BS8297:2017

BS 8297:2017 (Design, manufacture and installation of architectural precast concrete cladding. Code of practice) was updated in October 2017 after extensive contribution from members of British Precast Architectural and Structural. 

BS 8297:2017 (Design, manufacture and installation of architectural precast concrete cladding. Code of practice) was updated in October 2017 after extensive contribution from members of British Precast Architectural and Structural.

BPAS News looks back at this important redraft and its implications.

The essential British Standard for designers and installers of precast concrete cladding has been updated to reflect new innovations and advances in the sector, and now also includes all architectural precast in its scope.BS 8297 has long been the definitive standard for precast concrete cladding.

In October, following recent advances and innovations in the sector, a new updated version was published, with a new title: ‘Design, manufacture and installation of architectural precast concrete cladding’. “The standard has been revised to account for changes in manufacturing techniques and product ranges introduced over the last 20 years,” says Luke Smerdon-White, technical director at Thorp Precast, one of the member firms of British Precast Architectural and Structural, who worked on the committee which carried out the revision of the standard. “The last update was 17 years ago and reflected some practices, details and materials that are no longer used by the industry. Eurocode BS EN 1992 was issued in 2004, and this superseded previous code referenced in BS 8297.

All these references have now been updated, with new sections on subjects including thermal and acoustic requirements, which did not previously feature in the standard.” The change of the scope of BS 8297 acknowledges that not all architectural precast concrete “performs as cladding”, says Smerdon-White. The scope is extended to include architectural precast.

The new standard provides comprehensive coverage of all types of precast cladding and architectural precast. This includes non-load-bearing, single skin precast panels, often with brick, stone or terracotta tile facings, and typically face-sealed, though they can also take the form of a rainscreen. The standard’s scope also addresses the architectural outer concrete skin of structural load-bearing sandwich panels, which again tend to be face sealed.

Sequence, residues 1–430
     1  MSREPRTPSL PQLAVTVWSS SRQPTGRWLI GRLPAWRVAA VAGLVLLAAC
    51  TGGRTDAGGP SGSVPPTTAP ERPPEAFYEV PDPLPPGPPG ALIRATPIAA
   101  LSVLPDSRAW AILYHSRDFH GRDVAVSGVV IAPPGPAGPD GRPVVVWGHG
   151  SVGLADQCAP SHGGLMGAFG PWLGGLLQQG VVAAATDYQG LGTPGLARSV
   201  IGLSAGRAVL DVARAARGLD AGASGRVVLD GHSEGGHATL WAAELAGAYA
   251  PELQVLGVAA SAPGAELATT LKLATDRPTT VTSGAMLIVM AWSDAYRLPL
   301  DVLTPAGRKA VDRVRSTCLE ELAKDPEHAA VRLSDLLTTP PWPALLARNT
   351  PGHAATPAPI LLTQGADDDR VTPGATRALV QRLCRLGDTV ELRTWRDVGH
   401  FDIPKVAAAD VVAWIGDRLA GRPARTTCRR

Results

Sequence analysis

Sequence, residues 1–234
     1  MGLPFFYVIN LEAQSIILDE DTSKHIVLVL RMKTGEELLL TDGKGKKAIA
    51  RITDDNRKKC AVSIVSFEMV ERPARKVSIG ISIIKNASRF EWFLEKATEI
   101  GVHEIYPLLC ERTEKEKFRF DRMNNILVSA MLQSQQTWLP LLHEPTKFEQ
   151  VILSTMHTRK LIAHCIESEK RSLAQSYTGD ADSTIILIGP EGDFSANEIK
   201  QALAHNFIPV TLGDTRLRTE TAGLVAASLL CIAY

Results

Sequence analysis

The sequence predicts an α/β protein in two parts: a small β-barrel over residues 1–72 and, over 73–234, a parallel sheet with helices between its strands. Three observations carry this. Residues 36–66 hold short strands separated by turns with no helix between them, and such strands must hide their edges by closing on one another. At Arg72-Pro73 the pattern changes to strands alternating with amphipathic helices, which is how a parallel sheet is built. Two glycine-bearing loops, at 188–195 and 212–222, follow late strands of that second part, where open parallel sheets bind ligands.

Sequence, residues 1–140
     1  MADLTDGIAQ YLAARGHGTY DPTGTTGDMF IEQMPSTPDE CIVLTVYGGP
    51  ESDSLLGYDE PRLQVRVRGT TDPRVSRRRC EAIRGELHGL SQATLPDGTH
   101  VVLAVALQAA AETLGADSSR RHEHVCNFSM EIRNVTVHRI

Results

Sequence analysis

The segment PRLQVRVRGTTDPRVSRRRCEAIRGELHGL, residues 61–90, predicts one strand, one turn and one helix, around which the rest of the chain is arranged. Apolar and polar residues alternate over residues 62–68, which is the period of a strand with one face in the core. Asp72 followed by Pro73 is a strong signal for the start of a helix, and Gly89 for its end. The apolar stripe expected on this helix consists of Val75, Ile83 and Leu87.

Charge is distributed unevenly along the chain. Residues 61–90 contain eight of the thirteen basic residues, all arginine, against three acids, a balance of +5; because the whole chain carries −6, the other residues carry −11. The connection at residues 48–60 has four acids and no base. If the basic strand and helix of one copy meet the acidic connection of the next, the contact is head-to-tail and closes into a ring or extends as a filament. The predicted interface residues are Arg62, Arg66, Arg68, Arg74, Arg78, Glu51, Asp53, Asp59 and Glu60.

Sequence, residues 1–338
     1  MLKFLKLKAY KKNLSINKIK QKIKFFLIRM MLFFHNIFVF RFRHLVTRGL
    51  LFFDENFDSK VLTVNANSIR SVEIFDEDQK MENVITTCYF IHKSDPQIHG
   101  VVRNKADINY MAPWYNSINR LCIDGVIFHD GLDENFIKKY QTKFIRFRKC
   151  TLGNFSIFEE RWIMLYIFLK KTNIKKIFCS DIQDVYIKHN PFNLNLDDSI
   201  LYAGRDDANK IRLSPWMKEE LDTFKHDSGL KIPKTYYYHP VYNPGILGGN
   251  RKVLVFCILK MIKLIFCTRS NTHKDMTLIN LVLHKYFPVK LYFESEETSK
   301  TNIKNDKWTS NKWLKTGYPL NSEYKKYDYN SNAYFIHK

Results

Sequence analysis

A number of new precast façade classifications, types and finishes have been introduced in the update, meaning that a wider range of products can be specified and manufactured to a relevant British Standard. The changes also covers all architectural precast concrete units which form part of a building or development. These include linear elements such as beams and columns, items of permanent formwork, precast sculptures and other aesthetic features.

One recommendation of the new BS 8297 is early engagement of the precast concrete specialist. “This is paramount for the project team’s understanding of the building’s movement and tolerances,” says Smerdon-White. “Only with an early and clear understanding of these can the technical requirements and visual aspirations be assessed. Structures that are designed to merely meet the maximum allowable deflections or lateral displacement will often not meet the cladding’s aesthetic requirements of the client or their architect.

Quality is another key theme in the revised standard. “One section details the performance testing requirements of the panels when applied in a building envelope, and the minimum standards to be met,” says Smerdon-White. “Additionally, there are recommendations for panel inspections and viewing distances." “Finishes are also covered, including an overhaul of the terminology to provide more logical descriptions.

There is a vast array of different finishes that can be applied to the concrete or added to the panels in the form of facings such as brick, stone and tiles. Use of BS 8297 will ensure the materials specified are fit for purpose. As an example of this, the new standard offers methods for testing the durability of brick slips and tiles with minimum ‘pull-off’ values to be met.” With regard to fixing methods, the standard covers both independently supported and stacked cladding schemes. “In the section on stacked cladding, there are now recommendations that consider accidental removal of the cladding panels,” says Smerdon-White.

The update applies to both refurbishment and new-build and makes recommendations for fixings and anchor selection and their application for both scenarios. The standard is intended to be used in conjunction with the precast common rules standard, BS EN 13369, and the execution of concrete structures standard, EN 13670. It is compatible with the Eurocode suite of design standards. BS 8297 also aligns with the latest standards requirements of the Centre for Window and Cladding Technology (CWCT). “BS 8297 should be used by anyone involved with designing, reviewing and installing architectural precast concrete, because it thoroughly explains the processes, considerations and best practice,” says Smerdon-White.

“It is as valid for architects and principal contractors as it is for structural engineers, and also other members of a project team, including façade consultants, designers, manufacturers and installers.”

Other members of British Precast Architectural and Structural involved in writing the update include Decomo and Techrete. There were also contributions from The Concrete Centre, the NHBC, plus façade consultants FMDC and Wintech.